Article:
In 1990, Peter Salovey and John D. Mayer described emotional intelligence as “a form of social intelligence that involves the ability to monitor one’s own and others’ feelings and emotions, to discriminate among them, and to use this information to guide one’s thinking and action”. Though it’s a relatively new concept, it became popular so fast. Leaders, professionals all quickly concluded that high EQ can lead to personal, professional, and business success.
In business, high-EQ people have become desirable to employers due to the service they enjoy. A study involving over 2,600 hiring managers reports that 71% of managers value high EQ over high IQ. A high EQ helps in decision-making and stress management. It helps individuals to understand their emotional state, the emotions of others and they must be able to selectively utilize that understanding to make proper decisions.
Suppose A leader noticed that one of his team member’s performance is not getting as expected. Then he tried to correct the team member. The member became defensive and reacted in inappropriate ways. The leader needs to invoke his EQ to defuse the anger and frustration of his team member. He also has to ensure that the subordinate understands what he asked of them. For handling a situation like this needs to be emotionally intelligent. Cause people having higher EQ keep their emotions in check and can discuss sensitive issues thoughtfully and maturely. They are empathetic to teammates and react accordingly. They are capable of resolve conflict effectively.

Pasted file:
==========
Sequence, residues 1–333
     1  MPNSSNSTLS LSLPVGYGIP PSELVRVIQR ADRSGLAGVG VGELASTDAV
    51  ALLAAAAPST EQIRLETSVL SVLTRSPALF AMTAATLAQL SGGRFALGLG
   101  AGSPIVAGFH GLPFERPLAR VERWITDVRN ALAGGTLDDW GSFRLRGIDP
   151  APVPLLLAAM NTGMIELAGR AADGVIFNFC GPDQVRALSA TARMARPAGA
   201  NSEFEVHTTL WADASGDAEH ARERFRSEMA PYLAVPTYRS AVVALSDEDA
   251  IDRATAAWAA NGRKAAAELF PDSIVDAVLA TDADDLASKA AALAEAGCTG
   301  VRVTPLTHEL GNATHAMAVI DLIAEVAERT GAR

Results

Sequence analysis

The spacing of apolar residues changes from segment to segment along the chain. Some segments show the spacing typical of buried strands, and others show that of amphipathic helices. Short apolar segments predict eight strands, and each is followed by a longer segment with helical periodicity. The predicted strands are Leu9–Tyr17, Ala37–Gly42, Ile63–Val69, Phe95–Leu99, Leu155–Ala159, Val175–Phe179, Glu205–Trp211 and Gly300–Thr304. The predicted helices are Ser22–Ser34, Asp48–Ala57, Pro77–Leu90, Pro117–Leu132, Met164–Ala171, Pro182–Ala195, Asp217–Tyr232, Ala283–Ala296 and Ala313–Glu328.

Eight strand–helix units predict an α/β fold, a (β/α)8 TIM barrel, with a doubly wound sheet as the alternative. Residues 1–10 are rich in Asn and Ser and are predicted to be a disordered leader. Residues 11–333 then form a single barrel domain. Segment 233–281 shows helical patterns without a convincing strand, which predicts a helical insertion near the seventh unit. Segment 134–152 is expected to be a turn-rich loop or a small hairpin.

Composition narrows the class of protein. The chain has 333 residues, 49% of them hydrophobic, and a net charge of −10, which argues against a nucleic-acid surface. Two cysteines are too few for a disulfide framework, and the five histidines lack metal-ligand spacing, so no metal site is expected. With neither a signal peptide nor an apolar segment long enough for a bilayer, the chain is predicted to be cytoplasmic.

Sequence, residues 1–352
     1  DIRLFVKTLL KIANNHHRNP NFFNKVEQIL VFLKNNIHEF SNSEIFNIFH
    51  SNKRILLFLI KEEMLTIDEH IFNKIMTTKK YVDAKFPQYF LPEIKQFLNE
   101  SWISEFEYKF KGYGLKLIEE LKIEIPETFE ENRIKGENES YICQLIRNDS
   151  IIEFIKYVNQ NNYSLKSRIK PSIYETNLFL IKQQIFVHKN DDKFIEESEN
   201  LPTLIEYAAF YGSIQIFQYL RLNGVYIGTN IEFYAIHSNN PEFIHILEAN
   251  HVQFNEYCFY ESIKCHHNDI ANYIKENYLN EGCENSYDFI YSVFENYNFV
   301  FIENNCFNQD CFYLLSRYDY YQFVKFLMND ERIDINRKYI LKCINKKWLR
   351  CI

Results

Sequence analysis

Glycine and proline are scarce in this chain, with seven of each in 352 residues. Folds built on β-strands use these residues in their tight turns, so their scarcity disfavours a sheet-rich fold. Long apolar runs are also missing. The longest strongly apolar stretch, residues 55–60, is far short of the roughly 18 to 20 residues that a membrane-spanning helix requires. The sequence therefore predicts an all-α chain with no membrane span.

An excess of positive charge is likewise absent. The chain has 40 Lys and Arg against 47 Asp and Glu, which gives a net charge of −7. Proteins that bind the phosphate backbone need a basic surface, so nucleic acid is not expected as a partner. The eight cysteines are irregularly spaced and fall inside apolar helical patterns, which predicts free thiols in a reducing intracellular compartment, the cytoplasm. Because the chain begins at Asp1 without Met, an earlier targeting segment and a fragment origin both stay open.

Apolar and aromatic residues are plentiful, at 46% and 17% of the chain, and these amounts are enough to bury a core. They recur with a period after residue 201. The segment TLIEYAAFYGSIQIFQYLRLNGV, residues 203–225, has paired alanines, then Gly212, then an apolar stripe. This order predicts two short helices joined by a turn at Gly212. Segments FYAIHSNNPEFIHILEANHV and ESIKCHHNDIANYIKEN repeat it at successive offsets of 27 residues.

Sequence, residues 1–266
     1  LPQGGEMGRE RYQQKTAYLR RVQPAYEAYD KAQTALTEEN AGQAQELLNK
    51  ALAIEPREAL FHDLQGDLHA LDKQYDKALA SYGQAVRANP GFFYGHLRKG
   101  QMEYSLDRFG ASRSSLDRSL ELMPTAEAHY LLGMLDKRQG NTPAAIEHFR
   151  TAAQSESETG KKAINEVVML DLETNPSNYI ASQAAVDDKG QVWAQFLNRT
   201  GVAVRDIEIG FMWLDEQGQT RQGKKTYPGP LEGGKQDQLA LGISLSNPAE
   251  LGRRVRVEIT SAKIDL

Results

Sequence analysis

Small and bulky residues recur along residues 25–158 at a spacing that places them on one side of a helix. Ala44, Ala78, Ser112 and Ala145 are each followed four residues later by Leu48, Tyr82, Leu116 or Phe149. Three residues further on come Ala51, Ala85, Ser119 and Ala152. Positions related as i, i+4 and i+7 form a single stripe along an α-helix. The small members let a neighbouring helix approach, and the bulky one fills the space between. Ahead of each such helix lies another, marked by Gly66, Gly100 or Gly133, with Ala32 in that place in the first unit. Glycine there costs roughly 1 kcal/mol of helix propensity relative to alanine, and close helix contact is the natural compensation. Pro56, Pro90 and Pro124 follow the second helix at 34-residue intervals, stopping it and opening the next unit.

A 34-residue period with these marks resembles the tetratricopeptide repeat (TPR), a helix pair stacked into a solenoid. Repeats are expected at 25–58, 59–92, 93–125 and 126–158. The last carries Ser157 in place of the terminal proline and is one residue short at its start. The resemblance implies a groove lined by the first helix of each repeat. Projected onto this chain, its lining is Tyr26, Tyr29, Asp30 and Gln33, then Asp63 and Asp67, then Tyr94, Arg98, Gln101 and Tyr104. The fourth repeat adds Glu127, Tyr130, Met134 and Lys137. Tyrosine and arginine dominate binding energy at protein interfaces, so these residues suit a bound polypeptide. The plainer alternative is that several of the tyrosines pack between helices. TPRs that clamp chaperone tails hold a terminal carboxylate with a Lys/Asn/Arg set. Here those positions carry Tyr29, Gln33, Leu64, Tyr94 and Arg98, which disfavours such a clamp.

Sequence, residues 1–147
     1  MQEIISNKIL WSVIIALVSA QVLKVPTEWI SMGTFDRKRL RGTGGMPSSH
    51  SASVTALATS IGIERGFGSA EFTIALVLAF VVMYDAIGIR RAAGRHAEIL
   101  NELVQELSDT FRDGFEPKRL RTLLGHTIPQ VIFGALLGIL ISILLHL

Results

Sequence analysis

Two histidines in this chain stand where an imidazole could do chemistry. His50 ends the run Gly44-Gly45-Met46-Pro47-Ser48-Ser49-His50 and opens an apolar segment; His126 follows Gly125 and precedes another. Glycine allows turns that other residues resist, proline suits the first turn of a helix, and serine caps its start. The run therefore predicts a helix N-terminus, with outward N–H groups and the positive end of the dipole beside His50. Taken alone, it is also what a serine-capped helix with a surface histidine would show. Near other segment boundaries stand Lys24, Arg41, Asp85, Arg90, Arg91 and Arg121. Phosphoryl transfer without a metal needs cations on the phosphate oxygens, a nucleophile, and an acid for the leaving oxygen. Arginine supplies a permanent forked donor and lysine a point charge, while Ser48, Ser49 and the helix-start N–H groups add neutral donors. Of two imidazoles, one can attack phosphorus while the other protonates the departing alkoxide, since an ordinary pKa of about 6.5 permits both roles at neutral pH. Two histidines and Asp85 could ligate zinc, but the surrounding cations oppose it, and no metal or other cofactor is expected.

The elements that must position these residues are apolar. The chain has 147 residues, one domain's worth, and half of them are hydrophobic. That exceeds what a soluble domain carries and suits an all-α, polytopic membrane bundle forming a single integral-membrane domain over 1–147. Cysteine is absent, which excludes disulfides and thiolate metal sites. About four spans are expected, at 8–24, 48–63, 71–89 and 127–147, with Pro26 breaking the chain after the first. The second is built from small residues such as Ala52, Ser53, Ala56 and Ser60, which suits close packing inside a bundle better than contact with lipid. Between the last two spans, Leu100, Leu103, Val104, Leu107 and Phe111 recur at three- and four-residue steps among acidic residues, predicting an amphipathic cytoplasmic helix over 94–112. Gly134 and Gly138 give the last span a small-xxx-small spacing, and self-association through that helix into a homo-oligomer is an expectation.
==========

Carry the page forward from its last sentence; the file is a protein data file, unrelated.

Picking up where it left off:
Emotional intelligence is that remaining puzzle piece without which ONE may never reach his fullest potential. Statistics show that 90% of high performers are high in EQ. We need to keep in mind that EQ is not something we get genetically. Emotional Intelligence can be learned and taught. So, ONE can develop this skill to be successful in his life
Israt Haque Zarin
Content Development Team